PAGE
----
Researchers are still puzzled about the causes of dementia and how to treat and remedy the cognitive decline seen in patients. Researchers at the South Carolina Medical College (MUSC) and Harvard Medical School’s Beth Israel Deaconess Medical Center (BIDMC) have discovered a toxic, non-degradable version of cis P-tau in an unprecedented study. did. It is a healthy brain protein and an early marker for vascular dementia (VaD) and Alzheimer’s disease (AD). The results were published on June 2nd. Science translational medicine, Defines the molecular mechanism that causes the accumulation of this toxic protein. In addition, we have shown that monoclonal antibodies (mAbs) that target this toxic protein can prevent disease pathology and amnesia in preclinical models such as AD and VaD. In addition, this treatment could even reverse cognitive impairment in preclinical models such as AD.
“Our discovery not only discovered cis P-tau as an early major driver of previously unrecognized VaD and AD, but also this general for early treatment and prevention of AD and VaD. We are confident that highly effective and specific immunotherapies targeting drivers of specific diseases have also been identified, said Dr. Onder Albayram, co-chief author and assistant professor of the Department of Cardiology, MUSC School of Medicine. I will.
Aging is a normal part of life, weakening bones and muscles, stiffening blood vessels, and impairing memory. However, for about 50 million people worldwide, these memory deficits become increasingly severe and ultimately lead to the diagnosis of dementia.
Dementia is a comprehensive term that covers AD, accounting for 60% to 80% of cases. VaD, the second most common cause. And other less common medical conditions. Currently, there is no effective treatment for AD. Interestingly, most AD cases have vascular components, suggesting a broader relationship between cognitive function and a healthy cerebrovascular system. A better understanding of the relationship may provide a platform for discovering new therapeutic targets.
“Our study provides evidence that cis P-tau may be the virulence factor that explains VaD. VaD is generally not associated with other dementia.” Added, Dr. Chenxi Qiu, BIDMC Co-Principal Investigator and Postdoctoral Fellow. Harvard Medical School.
In a preclinical model of VaD, young mice show signs of brain inflammation, amnesia Within 1 month. However, treatment of these mice with cis P-tau mAb prevented nerve deterioration and cognitive decline for up to 6 months. In another preclinical model of AD, older mice showed severe cognitive impairment. Interestingly, administration of cis P-tau mAb to mice significantly improved this serious disorder.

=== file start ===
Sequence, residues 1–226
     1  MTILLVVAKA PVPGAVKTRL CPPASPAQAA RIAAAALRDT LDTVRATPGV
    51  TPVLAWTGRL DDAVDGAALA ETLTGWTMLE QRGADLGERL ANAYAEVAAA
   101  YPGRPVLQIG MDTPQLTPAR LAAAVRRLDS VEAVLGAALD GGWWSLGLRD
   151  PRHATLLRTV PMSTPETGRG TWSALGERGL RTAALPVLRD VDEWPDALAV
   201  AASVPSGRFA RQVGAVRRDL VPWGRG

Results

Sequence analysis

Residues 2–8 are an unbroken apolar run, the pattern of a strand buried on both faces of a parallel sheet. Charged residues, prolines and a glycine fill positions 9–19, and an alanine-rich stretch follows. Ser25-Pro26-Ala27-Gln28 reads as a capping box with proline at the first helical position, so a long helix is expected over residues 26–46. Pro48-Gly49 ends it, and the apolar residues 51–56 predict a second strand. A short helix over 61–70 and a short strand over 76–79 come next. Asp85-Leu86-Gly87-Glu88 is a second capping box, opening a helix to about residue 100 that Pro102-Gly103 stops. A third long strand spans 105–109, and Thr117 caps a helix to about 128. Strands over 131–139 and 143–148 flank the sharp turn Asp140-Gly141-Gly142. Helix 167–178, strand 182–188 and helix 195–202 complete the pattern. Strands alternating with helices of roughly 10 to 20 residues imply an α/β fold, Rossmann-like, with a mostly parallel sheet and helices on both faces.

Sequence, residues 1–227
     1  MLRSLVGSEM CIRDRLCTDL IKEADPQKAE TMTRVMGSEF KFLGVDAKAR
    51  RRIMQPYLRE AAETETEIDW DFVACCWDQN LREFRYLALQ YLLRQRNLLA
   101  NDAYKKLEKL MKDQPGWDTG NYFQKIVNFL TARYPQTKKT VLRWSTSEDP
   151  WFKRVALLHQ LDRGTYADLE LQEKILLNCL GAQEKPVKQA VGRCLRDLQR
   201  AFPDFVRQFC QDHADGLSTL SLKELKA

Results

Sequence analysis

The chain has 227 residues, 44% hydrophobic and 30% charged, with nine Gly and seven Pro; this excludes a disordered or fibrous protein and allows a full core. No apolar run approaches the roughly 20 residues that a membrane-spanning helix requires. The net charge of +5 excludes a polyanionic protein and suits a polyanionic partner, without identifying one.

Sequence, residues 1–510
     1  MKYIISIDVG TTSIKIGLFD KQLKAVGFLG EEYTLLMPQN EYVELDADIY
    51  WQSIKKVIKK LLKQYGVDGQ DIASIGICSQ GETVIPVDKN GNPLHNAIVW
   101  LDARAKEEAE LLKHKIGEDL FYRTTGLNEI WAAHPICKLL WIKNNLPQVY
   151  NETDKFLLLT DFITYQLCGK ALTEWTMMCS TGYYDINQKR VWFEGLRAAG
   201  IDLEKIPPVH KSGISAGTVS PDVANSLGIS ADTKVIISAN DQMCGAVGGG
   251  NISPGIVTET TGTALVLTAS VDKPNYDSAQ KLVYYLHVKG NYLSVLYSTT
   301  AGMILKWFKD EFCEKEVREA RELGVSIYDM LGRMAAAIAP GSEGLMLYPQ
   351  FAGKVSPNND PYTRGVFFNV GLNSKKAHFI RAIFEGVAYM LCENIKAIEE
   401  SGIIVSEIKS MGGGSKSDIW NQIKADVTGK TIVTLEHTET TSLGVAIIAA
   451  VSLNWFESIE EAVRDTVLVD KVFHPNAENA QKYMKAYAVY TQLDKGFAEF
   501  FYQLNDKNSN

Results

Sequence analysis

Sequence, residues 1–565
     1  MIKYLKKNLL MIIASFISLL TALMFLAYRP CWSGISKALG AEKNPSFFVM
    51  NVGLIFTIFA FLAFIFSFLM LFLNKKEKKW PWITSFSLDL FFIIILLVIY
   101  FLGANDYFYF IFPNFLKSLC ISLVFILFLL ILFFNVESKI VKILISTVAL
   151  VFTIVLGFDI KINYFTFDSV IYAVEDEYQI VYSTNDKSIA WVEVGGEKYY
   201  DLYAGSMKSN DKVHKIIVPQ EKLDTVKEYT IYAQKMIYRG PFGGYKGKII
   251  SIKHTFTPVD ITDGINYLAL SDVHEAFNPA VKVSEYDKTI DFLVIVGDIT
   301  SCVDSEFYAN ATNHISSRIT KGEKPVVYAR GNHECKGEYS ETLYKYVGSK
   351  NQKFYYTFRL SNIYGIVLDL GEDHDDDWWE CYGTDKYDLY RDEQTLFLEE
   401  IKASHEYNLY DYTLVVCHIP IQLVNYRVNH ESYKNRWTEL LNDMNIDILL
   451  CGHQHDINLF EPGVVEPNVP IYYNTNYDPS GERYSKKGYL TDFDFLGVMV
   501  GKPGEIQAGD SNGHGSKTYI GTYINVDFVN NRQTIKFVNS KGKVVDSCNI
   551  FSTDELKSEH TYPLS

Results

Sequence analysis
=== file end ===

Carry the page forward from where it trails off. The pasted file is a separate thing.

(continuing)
“These data show that cis P-tau may be an early upstream virulence factor common to both diseases,” said Albayram.
Translation of information obtained from Preclinical model Often difficult for humans, this study provides a reason for optimism. In the VaD model, the accumulation of cis P-tau dramatically changed the genetic structure of the affected cells. These changes were consistent with those seen in human AD patients. Researchers have also shown that treatment with cis P-tau mAb reversed 85% to 90% of these changes, suggesting this potential therapeutic power.
“After silencing this toxic protein, the genomic landscape really adapts,” Albairam said. “It was a big discovery.”
Not only are Albayram and Qiu excited about these discoveries, but MUSC colleagues are already very enthusiastic about this study.
“I can talk about this treatise as many times as I want,” said Adviye Ergul, MD, Ph.D., a professor of pathology and laboratory medicine at MUSC School of Medicine. “They provide solid evidence that there is an accumulation of a particular form of tau protein-cis P-tau-that highlights the pathology of different tau proteins in VaD studies.”
This groundbreaking study opens the door to new immunotherapeutic possibilities and highlights several new areas of research that need to be investigated. Researchers have drawn pathways leading to the accumulation of cis P-tau, but the underlying link between vascular abnormalities and pathway activation needs to be identified. A better understanding of how toxic cis P-tau interacts with healthy trans P-tau may provide further insight into the progression of AD disease.
AD and VaD may not be the only illnesses affected by high levels of cis P-tau. Other brain disorders with vascular components may also result from this toxic protein, but further research is needed to establish such a link.
“Cis P-tau can be a common early virulence factor underlying traumatic brain injury, VaD and AD,” said Qiu.
As we grow older and lose our car keys or forget the names of new acquaintances, we fear that these may be the first signs of dementia. Currently, there is no approved treatment to reverse the physiological effects of dementia, but this new study may bring hope that a new treatment is imminent.
Chenxi Qiu et al., Cis P-tau, underlies vascular contributions to cognitive impairment and dementia and can be effectively targeted by mouse immunotherapy. Science translational medicine (2021). DOI: 10.1126 / scitranslmed.aaz7615
South Carolina Medical College
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A promising new target for the treatment of Alzheimer’s disease and related dementia
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